Alice Thornton's Books: Remembrances of a Woman's Life in the Seventeenth Century

Lead Research Organisation: University of Edinburgh
Department Name: Sch of History, Classics and Archaeology


This project will edit and make available online the four books of 'my life' that Alice Wandesford Thornton bequeathed to her daughter in 1707. Thornton was the daughter of a former Lord Deputy of Ireland and she married a member of the lesser gentry in North Yorkshire. Three of the manuscript books were edited in 1875, for the Surtees Society (dedicated to the history of north east England), and have been read widely for their insight into life in seventeenth-century England with its civil war, plague and high infant mortality rate. However, while Thornton's manuscripts retrace the events of her life multiple times, the 1875 edition created a single narrative from the three original volumes by placing the entries in chronological order. In so doing Thornton's original arrangement of her life story was obscured and some significant material was omitted. The whereabouts of the manuscripts was unknown for many decades. In 2009 two of the texts, the first and third books of her life, were acquired by the British Library but the second volume remained untraced. In 2019 it was traced to Durham Cathedral Library by Cordelia Beattie, who had also recently located a smaller 'Book of Remembrances,' also in Thornton's hand, in a chest in a terraced house in Shropshire.

Now that all the original manuscripts have been located, we are finally able to 'unedit' the Victorian edition and to ask both how this alters critical understanding of Thornton's life and texts in particular and what implications this has for the broader fields of early modern history and life-writing. While by no means the only woman to write her life in early modern England, Thornton's books offer an extraordinarily rich example of how a woman below the ranks of the nobility did so. The fact that she produced more than one version of it makes her even more exceptional. Although it has long been established that many male diarists (such as Pepys) curated their texts, such evidence does not appear to survive for early modern women writers.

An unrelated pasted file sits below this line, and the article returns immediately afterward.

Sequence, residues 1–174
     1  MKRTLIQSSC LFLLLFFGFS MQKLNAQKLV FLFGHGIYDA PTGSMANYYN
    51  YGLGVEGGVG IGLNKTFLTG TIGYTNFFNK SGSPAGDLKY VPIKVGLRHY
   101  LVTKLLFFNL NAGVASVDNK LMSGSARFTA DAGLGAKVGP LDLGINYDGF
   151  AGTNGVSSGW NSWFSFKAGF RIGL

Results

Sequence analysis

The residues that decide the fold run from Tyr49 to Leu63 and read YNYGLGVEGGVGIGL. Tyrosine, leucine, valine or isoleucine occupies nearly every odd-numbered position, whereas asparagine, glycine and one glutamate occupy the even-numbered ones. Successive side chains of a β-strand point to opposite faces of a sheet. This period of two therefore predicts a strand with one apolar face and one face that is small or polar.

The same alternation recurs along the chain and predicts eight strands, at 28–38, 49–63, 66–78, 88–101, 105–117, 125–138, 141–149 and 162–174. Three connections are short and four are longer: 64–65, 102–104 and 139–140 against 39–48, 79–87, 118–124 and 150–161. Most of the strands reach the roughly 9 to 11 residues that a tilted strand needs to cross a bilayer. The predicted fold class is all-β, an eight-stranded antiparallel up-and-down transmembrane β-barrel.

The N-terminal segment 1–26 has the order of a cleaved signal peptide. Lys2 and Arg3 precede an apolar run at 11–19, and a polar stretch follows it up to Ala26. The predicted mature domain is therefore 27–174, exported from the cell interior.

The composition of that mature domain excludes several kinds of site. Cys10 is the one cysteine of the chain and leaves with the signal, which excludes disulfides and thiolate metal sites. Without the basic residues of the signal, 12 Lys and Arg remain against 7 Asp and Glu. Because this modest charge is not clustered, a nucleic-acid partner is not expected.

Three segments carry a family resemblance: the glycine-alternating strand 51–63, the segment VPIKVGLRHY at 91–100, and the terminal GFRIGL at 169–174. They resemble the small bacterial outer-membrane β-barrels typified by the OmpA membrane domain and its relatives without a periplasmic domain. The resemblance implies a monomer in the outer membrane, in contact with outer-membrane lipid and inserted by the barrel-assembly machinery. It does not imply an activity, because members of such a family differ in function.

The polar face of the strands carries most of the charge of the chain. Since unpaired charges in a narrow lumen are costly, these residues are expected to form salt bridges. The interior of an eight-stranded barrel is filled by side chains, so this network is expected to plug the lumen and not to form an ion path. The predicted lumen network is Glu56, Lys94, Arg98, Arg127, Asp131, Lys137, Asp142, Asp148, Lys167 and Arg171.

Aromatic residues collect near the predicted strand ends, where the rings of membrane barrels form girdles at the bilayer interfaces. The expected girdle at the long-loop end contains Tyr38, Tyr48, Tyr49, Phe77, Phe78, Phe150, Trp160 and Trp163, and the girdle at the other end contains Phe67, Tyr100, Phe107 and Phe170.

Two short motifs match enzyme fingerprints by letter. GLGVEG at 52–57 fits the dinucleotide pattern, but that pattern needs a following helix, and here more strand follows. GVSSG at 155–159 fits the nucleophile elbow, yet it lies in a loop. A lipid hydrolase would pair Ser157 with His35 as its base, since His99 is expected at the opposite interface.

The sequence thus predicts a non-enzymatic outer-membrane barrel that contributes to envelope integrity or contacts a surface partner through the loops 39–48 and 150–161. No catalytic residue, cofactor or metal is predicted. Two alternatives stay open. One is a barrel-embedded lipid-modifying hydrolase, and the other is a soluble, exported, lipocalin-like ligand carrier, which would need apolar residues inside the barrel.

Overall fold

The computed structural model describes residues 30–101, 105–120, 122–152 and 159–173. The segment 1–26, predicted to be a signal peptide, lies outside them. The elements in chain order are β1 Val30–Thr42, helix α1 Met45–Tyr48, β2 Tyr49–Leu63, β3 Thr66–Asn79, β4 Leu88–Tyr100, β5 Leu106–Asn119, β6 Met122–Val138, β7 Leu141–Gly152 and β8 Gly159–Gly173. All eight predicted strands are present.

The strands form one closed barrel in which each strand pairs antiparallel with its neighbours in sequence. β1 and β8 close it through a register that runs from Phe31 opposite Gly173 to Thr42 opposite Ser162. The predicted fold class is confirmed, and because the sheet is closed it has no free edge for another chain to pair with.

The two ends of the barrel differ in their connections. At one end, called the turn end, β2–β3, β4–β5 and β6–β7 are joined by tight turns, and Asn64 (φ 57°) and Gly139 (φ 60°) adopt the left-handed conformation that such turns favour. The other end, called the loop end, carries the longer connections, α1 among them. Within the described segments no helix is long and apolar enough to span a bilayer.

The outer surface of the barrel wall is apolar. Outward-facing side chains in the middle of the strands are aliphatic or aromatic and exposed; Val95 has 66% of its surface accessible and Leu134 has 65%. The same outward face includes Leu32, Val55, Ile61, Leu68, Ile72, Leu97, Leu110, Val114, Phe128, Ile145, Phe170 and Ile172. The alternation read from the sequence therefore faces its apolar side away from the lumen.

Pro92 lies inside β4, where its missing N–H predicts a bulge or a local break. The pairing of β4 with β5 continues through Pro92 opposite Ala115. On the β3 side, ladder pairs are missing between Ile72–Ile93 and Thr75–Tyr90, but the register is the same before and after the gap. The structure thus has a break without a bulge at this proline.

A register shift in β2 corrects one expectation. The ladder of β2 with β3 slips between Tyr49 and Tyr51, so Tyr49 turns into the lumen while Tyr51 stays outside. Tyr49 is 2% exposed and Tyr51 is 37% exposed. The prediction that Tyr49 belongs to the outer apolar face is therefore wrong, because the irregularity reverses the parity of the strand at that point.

This project will edit all four books and make them freely available on the web in a Digital Scholarly Edition (DSE) so as to reach the widest possible audience; the importance of this form of access has been highlighted at a time in which travel and library access has been curtailed by a global pandemic. The digital aspect of this project means that, as well as making each text available in its entirety, searches for key people, places and events are enabled, which will make it useful to those interested in an array of historical issues ranging from healthcare to the British civil wars. The encoding means that we will be able to show how the content changes between the different manuscript books and how Thornton drew on other sources, especially the Bible, to write about her life. Collectively, these factors will enable us to better appreciate Thornton as an early modern writer. The DSE will also contribute to existing debates on editorial methods within the Digital Humanities and allow future scholars to develop alternative approaches to our dataset.

The topics at issue are still of keen interest today and we aim to prompt critical reflection on present-day ideas of gender, religion, science and place and their relationship with the distant past through a series of public lectures at Durham Cathedral, talks to local history groups and blog posts on our website. For example, the writings of Alice Thornton, mother-in-law of a former Dean of the Cathedral, can encourage reflection on the longer history of women's role in the Church of England. Our project partner, Durham Cathedral, has also offered to host an exhibition of Thornton related manuscripts and a one-woman play in which Thornton's words are brought to life for a modern audience. In sum, the project seeks to rescue Alice Thornton from the nineteenth-century prism through which she has long been viewed and re-present her for a twenty-first century audience.


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